Poetry surely is more than rhythm and style. Doesn’t it have to be sensual? Make your heart miss a beat? Take you to a beautiful place and leave you there even after you have stopped reading? Nod your head as you empathise with the writer’s emotions? OK, this is getting a bit yawn-provoking, but you know what I mean: There is surely a difference between rhymes and poetry. Sometimes it is subtle, sometimes it is restrained. But a difference there is.
So, is my new collection anything more than an assortment of lines where the end words rhyme? I just had a look at those written so far. Yes, some are a bit clinical, especially the couple of pantoums where it seems more work went into the structure than it did the turn of phrase. Some are a bit mathematical, like the chocolate cupcake one shaped like a… cupcake. And some are amusing with no purpose other than to raise a titter or two. As for the others, I read them again and they evoked a range of sentiments inside me. But of course that isn’t the point. I know full well what I meant when I wrote them, what I was feeling, the symbolism, the background. The point is, will the words mean anything to the reader?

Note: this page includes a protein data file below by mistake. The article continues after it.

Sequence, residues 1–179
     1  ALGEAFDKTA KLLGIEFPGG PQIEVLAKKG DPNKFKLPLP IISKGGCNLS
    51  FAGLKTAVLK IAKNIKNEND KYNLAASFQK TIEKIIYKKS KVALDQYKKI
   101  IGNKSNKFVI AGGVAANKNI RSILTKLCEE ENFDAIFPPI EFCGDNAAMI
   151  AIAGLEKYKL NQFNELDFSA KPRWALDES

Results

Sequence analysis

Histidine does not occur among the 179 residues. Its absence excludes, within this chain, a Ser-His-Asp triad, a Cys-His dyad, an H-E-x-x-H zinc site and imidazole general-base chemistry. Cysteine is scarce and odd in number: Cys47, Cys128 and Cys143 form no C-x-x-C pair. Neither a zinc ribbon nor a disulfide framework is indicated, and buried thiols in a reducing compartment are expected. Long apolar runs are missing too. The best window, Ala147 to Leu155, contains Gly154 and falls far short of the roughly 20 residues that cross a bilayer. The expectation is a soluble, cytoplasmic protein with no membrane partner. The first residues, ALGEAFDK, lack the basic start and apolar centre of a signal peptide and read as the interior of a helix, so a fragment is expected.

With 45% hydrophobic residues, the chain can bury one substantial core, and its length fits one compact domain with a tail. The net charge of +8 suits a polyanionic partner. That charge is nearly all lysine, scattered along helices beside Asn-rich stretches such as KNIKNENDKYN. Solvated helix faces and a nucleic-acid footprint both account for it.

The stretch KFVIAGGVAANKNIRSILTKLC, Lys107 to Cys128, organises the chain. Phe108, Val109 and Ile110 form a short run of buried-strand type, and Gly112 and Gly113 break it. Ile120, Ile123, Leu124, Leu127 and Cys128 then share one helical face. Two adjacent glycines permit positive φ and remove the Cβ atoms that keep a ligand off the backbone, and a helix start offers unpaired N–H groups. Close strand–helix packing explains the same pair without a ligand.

I’m not going to find out just yet though, because I want forty poems for the collection and still have five to go. And inspiration has flown out of the window.
Which is where I was when I started writing this blog entry!

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Three Courses – Short Story Fiction and Google Book Search

The new book of short stories is now up on Amazon in both Kindle download and print editions. Initial feedback from readers has been good, and although not all of the stories are to everyone’s taste, there seems to be something for everyone to enjoy. If you have bought a copy, thank you very much. Please let me know what you think either by leaving a review on Amazon or getting in touch with me direct.